Training, PPE, and Lab Configuration

It’s also important to consider the practical implications of your cannabis extraction machine. What will your lab look like operating in the day-to-day? How will your employees be trained? What equipment will they need to stay safe? Are there any safety regulations that you’ll need to follow? Before you decide on a machine, you should know the answers to all of those questions.

The type of extraction you choose will play a major role in both your lab configuration and the precautions that you’ll need to take. For instance, if you choose hydrocarbon extraction, you’ll need to account for large quantities of flammable materials and configure your lab in compliance with safety regulations for these potentially combustible materials. In contrast, if you’re making live rosins with a solventless extraction method, you won’t need to take nearly as many safety precautions.

Consider the amount of training required for your staff as well. Added complexity will equate to more training, more opportunity for mishaps, and more difficulty should you need to hire. Your staff is also going to need personal protection equipment (PPE) when operating the machine. That’s a cost you’ll need to take on. Again, the greater the safety concern, the more investment you’ll need to make.

 

Quality Standards

Because cannabis extracts are products that people will ultimately consume, there are several organizations that certify extraction equipment based on their quality standards. These certifications can help you be assured that you’re getting a reliable machine that will produce consistent and safe products.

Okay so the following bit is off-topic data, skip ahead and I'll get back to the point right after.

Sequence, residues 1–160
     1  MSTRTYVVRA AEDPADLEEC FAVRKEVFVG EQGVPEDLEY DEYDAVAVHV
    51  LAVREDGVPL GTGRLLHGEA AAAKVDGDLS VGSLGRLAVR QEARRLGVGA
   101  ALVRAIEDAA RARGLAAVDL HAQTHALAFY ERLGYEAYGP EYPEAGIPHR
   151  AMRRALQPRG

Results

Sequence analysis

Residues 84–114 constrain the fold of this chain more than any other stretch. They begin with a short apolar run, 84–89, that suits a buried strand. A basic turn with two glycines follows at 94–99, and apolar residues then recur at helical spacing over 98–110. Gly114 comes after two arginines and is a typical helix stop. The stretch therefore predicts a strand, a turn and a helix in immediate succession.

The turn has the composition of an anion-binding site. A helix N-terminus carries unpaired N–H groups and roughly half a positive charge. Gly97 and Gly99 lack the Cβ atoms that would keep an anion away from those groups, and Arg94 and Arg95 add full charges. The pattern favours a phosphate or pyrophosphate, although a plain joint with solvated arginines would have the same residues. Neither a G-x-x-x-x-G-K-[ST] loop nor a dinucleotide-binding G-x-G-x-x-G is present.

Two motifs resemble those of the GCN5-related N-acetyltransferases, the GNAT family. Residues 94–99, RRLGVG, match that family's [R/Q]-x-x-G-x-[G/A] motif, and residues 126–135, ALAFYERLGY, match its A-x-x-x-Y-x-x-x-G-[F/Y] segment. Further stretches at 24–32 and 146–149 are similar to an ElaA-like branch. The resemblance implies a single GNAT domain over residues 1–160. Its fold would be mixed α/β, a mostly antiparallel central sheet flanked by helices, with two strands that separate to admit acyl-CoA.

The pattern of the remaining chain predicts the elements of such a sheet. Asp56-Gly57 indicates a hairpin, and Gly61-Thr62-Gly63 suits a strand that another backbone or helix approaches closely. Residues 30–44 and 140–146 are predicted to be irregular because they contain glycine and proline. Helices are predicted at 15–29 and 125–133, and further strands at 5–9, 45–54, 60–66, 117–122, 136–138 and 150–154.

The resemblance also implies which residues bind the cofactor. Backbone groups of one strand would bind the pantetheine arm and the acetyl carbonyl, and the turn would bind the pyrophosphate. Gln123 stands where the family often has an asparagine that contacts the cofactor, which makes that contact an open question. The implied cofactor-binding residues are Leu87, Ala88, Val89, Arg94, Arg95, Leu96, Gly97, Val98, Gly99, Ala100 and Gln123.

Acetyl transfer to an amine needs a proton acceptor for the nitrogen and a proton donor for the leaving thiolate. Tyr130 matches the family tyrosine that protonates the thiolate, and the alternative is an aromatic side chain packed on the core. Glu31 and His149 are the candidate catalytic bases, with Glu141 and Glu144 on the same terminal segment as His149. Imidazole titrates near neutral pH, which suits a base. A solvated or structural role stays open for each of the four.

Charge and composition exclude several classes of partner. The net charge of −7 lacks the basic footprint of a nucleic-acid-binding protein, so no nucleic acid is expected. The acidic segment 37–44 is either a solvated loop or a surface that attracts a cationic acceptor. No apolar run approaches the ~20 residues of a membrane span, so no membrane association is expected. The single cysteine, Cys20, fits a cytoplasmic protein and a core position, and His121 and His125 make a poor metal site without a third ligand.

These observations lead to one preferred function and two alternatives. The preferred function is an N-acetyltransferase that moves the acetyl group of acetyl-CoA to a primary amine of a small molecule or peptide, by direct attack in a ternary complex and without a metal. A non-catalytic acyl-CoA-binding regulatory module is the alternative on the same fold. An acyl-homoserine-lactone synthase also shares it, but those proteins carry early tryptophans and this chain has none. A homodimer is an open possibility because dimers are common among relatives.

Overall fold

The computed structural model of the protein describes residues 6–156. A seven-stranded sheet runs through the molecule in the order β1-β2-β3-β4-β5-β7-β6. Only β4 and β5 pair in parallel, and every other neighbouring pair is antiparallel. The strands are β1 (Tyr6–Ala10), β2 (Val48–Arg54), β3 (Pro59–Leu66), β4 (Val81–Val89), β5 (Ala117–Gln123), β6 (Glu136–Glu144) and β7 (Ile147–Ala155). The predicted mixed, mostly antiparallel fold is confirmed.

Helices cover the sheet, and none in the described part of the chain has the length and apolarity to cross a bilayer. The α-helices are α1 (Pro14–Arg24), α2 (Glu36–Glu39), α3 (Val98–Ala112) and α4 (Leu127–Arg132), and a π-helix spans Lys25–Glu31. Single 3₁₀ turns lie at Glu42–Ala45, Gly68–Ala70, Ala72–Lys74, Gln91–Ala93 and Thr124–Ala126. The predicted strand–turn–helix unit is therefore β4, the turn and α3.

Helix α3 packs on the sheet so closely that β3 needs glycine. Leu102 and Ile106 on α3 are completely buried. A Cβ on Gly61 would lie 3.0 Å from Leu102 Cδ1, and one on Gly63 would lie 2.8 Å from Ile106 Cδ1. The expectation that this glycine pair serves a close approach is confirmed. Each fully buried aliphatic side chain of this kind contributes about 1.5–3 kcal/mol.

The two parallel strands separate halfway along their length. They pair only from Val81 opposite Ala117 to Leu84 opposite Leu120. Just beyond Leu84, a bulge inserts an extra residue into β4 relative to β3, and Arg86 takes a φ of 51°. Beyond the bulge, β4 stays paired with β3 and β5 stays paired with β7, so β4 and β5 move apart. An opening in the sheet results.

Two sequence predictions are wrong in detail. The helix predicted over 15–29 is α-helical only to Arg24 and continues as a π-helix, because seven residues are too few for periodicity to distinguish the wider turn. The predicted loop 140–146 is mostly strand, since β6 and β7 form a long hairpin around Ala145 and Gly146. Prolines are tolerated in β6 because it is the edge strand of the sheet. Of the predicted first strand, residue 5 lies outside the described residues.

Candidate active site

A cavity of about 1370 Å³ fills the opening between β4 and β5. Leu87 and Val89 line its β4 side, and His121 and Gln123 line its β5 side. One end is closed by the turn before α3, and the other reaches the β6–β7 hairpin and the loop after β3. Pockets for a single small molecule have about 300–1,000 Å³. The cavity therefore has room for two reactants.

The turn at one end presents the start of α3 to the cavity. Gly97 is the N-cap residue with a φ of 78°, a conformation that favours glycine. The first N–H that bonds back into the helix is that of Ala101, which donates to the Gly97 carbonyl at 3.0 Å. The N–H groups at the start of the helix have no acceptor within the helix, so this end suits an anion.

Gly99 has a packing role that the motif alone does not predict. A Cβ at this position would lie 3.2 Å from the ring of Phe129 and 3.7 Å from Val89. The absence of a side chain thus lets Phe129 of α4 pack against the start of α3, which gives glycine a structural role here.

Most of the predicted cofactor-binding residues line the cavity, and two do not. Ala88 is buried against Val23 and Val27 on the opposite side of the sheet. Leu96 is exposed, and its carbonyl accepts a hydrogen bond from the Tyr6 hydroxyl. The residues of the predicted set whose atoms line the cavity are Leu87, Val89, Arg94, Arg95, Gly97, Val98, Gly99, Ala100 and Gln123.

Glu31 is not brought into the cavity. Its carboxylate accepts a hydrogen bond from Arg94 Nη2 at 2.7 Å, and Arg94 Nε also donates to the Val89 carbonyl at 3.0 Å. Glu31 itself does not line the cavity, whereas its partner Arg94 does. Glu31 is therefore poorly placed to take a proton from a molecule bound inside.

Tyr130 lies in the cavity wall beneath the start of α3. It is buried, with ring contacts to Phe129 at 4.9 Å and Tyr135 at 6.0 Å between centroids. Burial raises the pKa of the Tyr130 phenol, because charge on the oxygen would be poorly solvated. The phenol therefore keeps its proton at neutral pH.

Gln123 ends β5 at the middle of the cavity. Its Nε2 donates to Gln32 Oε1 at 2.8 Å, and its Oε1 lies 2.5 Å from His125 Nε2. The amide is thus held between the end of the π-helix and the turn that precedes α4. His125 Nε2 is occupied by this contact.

The first, and probably most obvious, certification to look out for comes from the US FDA. Not only is the FDA the central authority in the US for guaranteeing food and drug safety, they’re also the most recognizable to potential customers, and their standards are held across all relevant industries. Even if you don’t look out for any other certifications, make sure the FDA verified the machine.

You can also find machines certifications for 3A sanity standards, current Good Manufacturing Process (cGMP), the American Society of Mechanical Engineers (ASME), and Engineer Peer Reviews (EPR), all of which will boost the trustworthiness of your machine and the products it produces.

 

 

Resources:

1- Buying cannabis extraction equipment. Precision Extraction. 2020. https://precisionextraction.com/2020/10/buying-cannabis-extraction-equipment/

2- Cannabis oil extraction machine: the complete buying guide. SaintyCohttps://www.saintytec.com/cannabis-oil-extraction-machine/

3- Cannabis and hemp oil extraction equipment guide. Delta Separations. https://deltaseparations.com/the-ultimate-guide-to-cannabis-oil-extraction/extraction-equipment-guide/

4- MJBizDaily buyers guide cannabis extraction. MJBizDaily. https://mjbizdaily.com/wp-content/uploads/formidable/47/MJBizDaily_BuyersGuide_CannabisExtraction.pdf

About the author

Nick Congleton